One of the largest U.S. banks and a widely used money transfer service are butting heads over the bank's customer data, The Wall Street Journal reported.
Customers of PNC Bank NA were having trouble connecting their bank account to their Venmo LLC mobile app in recent days and took to social media to complain. In response, PNC Financial Services Group Inc. described data security updates it had made that prevented customer account information from being shared with Venmo. The bank suggested customers use Zelle, a major Venmo competitor, instead. Zelle is a peer-to-peer payment network backed by many major U.S. banks, including PNC, Bank of America Corp., Citigroup Inc., JPMorgan Chase & Co. and Wells Fargo & Co.
That led some customers to tweet: "Hey @pncbank, why aren't you living up to your promise that 'security should empower consumer access' to their accounts? Let me use the financial service apps I need!"
The dispute highlights the ongoing battle for access to customer financial data between banks and financial technology companies like PayPal Holdings Inc., which owns Venmo.
The PNC security upgrade prevented data aggregators from accessing customer account and routing numbers, The Wall Street Journal reported. That kind of information, which is needed to facilitate online transactions, had previously been provided by Plaid Inc., a data aggregator that connects Venmo and thousands of other apps to financial institutions.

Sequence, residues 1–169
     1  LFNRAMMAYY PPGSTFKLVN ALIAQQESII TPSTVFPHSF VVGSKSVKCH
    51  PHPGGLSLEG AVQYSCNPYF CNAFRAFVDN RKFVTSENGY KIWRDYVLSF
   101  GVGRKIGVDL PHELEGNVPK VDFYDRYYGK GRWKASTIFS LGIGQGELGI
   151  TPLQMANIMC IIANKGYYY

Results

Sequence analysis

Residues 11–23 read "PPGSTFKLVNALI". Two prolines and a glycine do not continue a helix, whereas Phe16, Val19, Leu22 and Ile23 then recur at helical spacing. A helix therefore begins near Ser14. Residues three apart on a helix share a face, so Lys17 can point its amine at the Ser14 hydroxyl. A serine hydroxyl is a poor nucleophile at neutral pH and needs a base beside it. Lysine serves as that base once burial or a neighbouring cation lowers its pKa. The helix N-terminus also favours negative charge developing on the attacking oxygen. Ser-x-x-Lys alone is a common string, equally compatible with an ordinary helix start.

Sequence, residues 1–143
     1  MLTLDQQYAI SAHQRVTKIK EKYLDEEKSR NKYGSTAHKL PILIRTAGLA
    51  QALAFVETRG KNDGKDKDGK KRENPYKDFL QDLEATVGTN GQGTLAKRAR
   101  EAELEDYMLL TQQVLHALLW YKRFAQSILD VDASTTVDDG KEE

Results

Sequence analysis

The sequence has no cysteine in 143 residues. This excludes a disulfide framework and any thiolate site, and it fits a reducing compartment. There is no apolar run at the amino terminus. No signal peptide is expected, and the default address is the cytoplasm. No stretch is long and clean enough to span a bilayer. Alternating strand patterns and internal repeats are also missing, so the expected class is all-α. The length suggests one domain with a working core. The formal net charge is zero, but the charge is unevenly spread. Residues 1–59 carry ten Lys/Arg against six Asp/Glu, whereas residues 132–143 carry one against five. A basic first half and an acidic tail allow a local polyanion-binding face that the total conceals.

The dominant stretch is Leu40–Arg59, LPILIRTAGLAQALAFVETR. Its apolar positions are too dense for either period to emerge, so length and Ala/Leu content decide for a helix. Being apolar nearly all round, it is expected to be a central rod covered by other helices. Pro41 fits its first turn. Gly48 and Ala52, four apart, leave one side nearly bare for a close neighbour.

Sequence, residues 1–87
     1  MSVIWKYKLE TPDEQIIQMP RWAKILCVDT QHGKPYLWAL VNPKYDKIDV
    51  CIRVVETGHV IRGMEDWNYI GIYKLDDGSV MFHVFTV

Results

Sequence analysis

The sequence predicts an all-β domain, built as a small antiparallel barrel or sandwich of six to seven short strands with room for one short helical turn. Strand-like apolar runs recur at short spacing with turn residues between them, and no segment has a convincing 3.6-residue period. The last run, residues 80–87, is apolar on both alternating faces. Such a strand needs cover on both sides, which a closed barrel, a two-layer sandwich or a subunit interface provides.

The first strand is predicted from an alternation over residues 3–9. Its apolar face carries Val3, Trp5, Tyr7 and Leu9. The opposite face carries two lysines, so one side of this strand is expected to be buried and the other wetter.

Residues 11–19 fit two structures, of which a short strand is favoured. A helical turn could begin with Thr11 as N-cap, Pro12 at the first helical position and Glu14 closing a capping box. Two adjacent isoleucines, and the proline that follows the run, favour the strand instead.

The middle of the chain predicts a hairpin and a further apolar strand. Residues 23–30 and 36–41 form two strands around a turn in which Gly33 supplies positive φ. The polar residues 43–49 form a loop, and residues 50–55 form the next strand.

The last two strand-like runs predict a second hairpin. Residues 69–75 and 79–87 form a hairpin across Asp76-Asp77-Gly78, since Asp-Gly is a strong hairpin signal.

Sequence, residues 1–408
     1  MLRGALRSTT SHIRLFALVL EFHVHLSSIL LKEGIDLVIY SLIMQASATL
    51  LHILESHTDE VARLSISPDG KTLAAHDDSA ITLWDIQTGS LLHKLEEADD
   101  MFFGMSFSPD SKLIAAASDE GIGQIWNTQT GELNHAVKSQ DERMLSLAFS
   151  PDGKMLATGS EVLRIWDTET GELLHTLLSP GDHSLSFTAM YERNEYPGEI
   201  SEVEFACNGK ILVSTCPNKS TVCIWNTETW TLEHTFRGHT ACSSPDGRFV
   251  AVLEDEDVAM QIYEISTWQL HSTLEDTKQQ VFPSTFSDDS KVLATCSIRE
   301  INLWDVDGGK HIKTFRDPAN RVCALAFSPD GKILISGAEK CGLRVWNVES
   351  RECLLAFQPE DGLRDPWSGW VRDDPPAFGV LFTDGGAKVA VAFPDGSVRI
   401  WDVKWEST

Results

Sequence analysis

PNC implemented "enhanced security controls" to prevent "screen scraping," it said in a recent tweet. Screen scraping is the often-used method to share data by collecting the screen display from one application and translating it so that another app can display it. It provides a way for third-party providers like Plaid to access their users' bank data without having an open application programming interface.
Plaid saw PNC customers lose the ability to connect their information to third-party financial apps "a couple months ago," said Heather Staples, head of communications at Plaid, in an email.
The bank blocked Plaid and other data aggregators from accessing customer information after it found "multiple different aggregators" were trying to circumvent the bank's security protocol, reported The Wall Street Journal, citing bank executives. PNC said it asked Plaid and other aggregators to make changes to their systems to meet its security requirements, but Plaid said it had already worked with PNC to provide the requested updates, the news outlet reported.
"People should be able to connect their financial data with the apps they want," said John Pitts, Plaid's head of policy and advocacy, in an emailed statement. "Most banks agree and work with us to safely enable that. We are ready to work with PNC and would like to be able to restore access quickly."
Customers can still link their bank account to Venmo by putting the information in manually. That process typically takes one to two days and bypasses Plaid altogether.
PayPal declined to comment. PNC did not respond to requests for comment.